How often do we jump to conclusions, judging someone without knowing their personal story?
In this post, I want to pinpoint the main reasons why we judge people and how it can negatively affect the person judged and the person who judges too.
I have been judged by people many times.
Likewise, I have judged others even when I had never met them previously.
And this has occurred quite often.
Has it ever happened to you? I bet so!
I truly believe all of us judge others, and we are judged too.
I have been thinking a lot about this lately.
Why do we tend to judge others so much?
In my personal opinion, one of the reasons dwells in having low self-worth, in other words, a fragile ego.
When we have low self-esteem, the judgment instinct kicks in to make our ego feel better.
We tend to judge people as a reflection of what we feel or think about ourselves.
As Earl Nightingale once said: “When you judge others, you do not define them, you define yourself”.
The second reason why we tend to criticize others is that they are different from us.
They have different beliefs, opinions, ideas, and ultimately they act differently.
Judgment is part of human nature, it’s ingrained in our mind; we are tribal beings after all!
We used to live in tribes and those who didn’t belong to our tribe represented a threat.
In our modern society, we still want to fit in specific social ranks or groups.
Whoever doesn’t belong to our group is valued badly!
Just think for instance of the heated arguments between political parties, two opposite football teams, or different ethnic groups.
Even though thousands of years have gone by and we no longer live in tribes, our brain is still hardwired to perceive what is different from us as something bad and wrong, i.e. as a threat.
This is confirmed by the results of some functional neuroimaging studies of race-related prejudice.
We tend to judge people we perceive different from us!
We bring them down and we make them feel inferior so that we feel stronger than them.
As a result, we consider them less of a threat, which makes us feel safe.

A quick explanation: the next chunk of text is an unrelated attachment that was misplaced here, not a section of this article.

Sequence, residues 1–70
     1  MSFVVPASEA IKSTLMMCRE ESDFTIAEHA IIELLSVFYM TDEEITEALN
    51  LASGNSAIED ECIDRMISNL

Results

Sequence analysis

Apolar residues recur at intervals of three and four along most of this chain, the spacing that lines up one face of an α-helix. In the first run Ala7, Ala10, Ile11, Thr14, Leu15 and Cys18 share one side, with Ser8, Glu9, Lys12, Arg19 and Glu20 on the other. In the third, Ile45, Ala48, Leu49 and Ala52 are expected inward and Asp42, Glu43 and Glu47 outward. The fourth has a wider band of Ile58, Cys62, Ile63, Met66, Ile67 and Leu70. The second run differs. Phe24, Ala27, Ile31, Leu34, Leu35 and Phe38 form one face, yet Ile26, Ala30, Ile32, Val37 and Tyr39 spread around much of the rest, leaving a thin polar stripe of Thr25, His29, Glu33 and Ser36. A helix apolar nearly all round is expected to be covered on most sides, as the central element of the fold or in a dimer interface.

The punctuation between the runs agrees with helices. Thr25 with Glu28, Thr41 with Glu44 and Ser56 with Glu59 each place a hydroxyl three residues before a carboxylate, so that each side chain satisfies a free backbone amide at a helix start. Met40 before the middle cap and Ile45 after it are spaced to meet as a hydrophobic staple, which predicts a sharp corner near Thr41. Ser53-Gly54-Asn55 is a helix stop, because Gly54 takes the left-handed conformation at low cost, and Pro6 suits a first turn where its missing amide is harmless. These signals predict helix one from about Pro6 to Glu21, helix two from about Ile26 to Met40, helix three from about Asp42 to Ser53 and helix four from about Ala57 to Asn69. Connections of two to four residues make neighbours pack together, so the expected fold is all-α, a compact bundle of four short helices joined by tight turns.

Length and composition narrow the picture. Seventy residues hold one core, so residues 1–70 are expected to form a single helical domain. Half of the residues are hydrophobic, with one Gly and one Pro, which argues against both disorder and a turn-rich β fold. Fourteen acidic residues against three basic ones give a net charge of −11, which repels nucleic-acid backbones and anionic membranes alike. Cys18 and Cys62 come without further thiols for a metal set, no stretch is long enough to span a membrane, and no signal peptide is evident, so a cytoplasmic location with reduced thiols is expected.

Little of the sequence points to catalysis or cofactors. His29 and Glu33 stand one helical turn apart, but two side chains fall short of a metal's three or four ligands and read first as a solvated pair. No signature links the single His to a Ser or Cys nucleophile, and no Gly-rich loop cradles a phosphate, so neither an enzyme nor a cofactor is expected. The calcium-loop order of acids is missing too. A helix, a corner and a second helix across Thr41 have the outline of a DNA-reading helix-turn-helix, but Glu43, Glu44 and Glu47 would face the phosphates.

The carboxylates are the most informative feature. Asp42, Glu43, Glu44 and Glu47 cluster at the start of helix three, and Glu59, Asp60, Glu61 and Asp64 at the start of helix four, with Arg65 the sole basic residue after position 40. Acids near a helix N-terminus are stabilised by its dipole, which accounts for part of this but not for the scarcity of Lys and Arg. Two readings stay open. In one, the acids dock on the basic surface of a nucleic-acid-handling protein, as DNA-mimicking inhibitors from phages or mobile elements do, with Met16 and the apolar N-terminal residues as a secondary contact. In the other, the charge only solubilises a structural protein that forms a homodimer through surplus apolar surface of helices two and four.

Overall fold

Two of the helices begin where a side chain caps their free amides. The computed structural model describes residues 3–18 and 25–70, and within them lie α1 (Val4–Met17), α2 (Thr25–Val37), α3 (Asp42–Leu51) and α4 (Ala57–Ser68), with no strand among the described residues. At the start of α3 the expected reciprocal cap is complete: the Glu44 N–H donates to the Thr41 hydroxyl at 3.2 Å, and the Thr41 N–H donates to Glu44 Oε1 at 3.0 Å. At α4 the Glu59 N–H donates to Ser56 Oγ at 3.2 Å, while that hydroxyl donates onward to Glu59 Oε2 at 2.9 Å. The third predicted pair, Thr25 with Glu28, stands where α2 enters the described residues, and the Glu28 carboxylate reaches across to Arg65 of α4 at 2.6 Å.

We don’t think about it most of the time, we just do it unconsciously.
At the end of the day, it doesn’t really matter if we tend to judge people consciously or unconsciously because of our low self-worth or how different they look.
What matters is that we can easily end up hurting others and feeling hurt too.
Let me clarify what I mean through the following inspirational story.
THE FATHER AND THE SON
It was a summer day and a 20-year old man and his old father were going on a trip to the seaside - nothing says summer more than a trip to the seaside - right?
They were traveling on a coach packed with people.
Some were reading, some were chatting, some were taking a nap.
Suddenly, the 20-year old guy looked out of the window and shouted excitedly: “Dad, what are those landforms in the distance”?
“Those are hills, my dear son”, the father replied.
“And, what are those big landforms beyond the hills and what are they covered with”?
“Those are mountains and there are plenty of trees upon them”, the old man explained to his son.
The people on the coach, astonished by this childish behavior, started paying more attention to the old man and his son.
They were intentionally listening to their conversation.
“Dad, Dad, what are those strange things in the sky?”, the young man asked.
“Clouds, darling, they are clouds”, the father replied.
Before long, people started gossiping.